Debian is unique for many reasons. Its dedication to free software, its non-profit nature, and its open development model (where most of the discussions are addressed openly in public lists) are remarkable. The project is committed to free software, as is reflected in the Debian Social Contract. The definition of what Debian understand as free software can be found in the Debian Free Software Guidelines (DFSG), and in essence is the same software which can be considered "open source" software (which is not strange, since the Open Source Definition was actually derived from the DFSG).


Debian potato

Debian 2.2 (potato) is the latest official release, the one currently considered as "stable". It was released on August of 2000, and includes all the major libre software packages available at that time. Only in its main distribution, composed only of free software (according to the Debian Free Software Guidelines), there are more than 2,600 source packages. The whole release includes almost 4,000 binary packages, which the user can install easily from various media or from Internet servers.

In addition to potato (the stable release), the Debian archives include two in-preparation releases: "testing" and "unstable". Currently, testing is codenamed "woody", and is in freezing process. In the next months it will be released as Debian 3.0. The unstable release (currently "sid") is used by developers to upload the packages, and test them. If during a certain period there are no important bugs filed against them nor against the packages on which they depend, they are passed to testing, and are considered for the following stable release.

Debian 2.2 is split in two archives: the "regular" one, and the "non-US" archive. In non-US are archived those packages which have some legal impediment to be exported from the United States of America (usually the the US legislation on strong cryptography).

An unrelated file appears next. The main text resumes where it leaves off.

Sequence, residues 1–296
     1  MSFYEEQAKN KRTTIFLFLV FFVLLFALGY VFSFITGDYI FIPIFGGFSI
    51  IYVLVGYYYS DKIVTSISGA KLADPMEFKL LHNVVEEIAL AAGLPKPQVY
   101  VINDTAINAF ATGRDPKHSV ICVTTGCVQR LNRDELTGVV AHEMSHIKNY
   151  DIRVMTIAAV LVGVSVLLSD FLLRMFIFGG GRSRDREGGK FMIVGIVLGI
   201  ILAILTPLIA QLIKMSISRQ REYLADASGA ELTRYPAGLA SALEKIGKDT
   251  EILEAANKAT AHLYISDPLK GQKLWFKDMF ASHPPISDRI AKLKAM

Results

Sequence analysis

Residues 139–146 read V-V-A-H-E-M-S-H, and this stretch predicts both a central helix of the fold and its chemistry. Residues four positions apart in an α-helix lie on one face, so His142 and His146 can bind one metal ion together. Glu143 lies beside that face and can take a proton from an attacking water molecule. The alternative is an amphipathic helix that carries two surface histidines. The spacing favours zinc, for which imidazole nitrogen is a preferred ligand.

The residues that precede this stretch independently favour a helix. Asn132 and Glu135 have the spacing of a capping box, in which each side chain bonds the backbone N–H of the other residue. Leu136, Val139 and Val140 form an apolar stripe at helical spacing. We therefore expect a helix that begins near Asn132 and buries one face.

Each archive is composed of several so called "distributions": main, contrib and non-free.

For the work referenced in this paper we have considered only the main distribution of the "regular" archive. It is the largest (by far) fraction of the archive, is only composed of free software, and has no export restrictions. In many respects, it is one of the largest coordinated collection of free software available in the Internet.


Collecting the data

The approach used for collecting the data presented in this paper is, in summary, as follows:

  1. Which source code makes a Debian release?

    Fortunately enough, source code for current and past Debian releases is archived, and available for everyone in the Internet. The only problem is to determine the list of source packages for any given release, and where to access them.

  2. Downloading and collecting data

    Once we know what files to download, we have to download all of them before being able of gathering data. Since the size of the unpackaged sources for a Debian release is very large, we chose to work on a per-package basis, gathering all the relevant data from it (mainly, the number of lines of code) before deleting it and following on with the download of the next one.

  3. Final analysis

    Analyze the collected data and get some statistics regarding the total number of physical SLOC of the release, the SLOC for each package, the SLOC for each of several programming languages considered, etc.

In the following sections these three steps are described in more detail.


Which source code makes a Debian release?